China’s New Retail: Artificial Intelligence at the core
(Above pic caption: The New Retail bandwagon in China)
Dot Connector’s inaugural CIO Summit in Malaysia concluded last week after IT and decision makers gathered at Le Meridien hotel, for an almost full day of knowledge and experience sharing.
The China-based organiser Dot Connector group, has organised nearly 200 professional summits and training, since being established in 2011. During this time, nearly 500 senior executives and industry experts from the fields of Technology, Marketing, Finance and Banking, have come together to share their experiences.
According to Dot Connector representative, Joy Xu, the group offers services like tech scouting, digital transformation and management consultancy, as well as incubation services.
“We want to bring Chinese technologies and best practices to share with CIOs in Malaysia. We also want to welcome Malaysian brands to go to China market,” Xu said.
One of the main highlights of the conference was when Xiaomi Technology’s MI HOME IT Director, Zhang Beiping, came on stage to talk about New Retail and how China is leveraging technologies to implement cashless transactions and cashier-less stores.
According to Zhang, the phrase ‘New Retail’ was first coined by Alibaba founder Jack Ma, when he described that pure e-commerce will reduce and eventually be replaced by combined offline and online channels.
“It is a hot topic in China… that e-commerce will die and physical retail will die. I think it will transform instead and bring lots of opportunities and challenges.”
Zhang also observed, “China is entering the second half of the Third Wave of its retail sector. This is at a time when traditional retail is reducing and e-commerce is approaching a bottleneck.”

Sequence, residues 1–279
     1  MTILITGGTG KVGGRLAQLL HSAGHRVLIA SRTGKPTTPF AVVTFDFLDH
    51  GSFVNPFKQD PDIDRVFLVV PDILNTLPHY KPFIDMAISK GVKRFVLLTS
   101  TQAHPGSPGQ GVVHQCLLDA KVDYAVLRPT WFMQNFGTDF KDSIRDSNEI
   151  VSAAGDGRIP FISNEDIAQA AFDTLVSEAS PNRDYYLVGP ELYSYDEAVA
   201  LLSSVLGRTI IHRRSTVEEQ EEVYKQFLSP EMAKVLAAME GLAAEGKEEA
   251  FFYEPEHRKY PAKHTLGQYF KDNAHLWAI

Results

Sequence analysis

He says this even though the total Chinese consumer spending online was USD750 billion, last year, because the speed of growth has slowed down a little.
This signals an opportune time for New Retail or offline-online channels multi-businesses integration, to become more prevalent.
Opportunities of New Retail
Zhang shared that the New Retail trend addresses changing consumer behaviour in China – they are increasingly shifting their buying focus from factors like price and brand, to their experience of the entire purchasing process.
“China has set the pace for the rest of the world,” Zhang also said about the way that mobile and cashless payments has permeated parts of China. “We use WeChat and AliPay for everything in China.”
It is this trend coupled with other technologies like facial recognition and Internet of Things (IoT) which is driving the New Retail phase China is entering into now.
E-commerce’s advantages, which Malaysians are also acquainted with, are time-saving and efficiency. But physical stores have their roles to play as well, and the general consensus is that an omni-channel approach – offline, online, mobile – offers a seamless shopping experience, and is an important strategy for most retailers.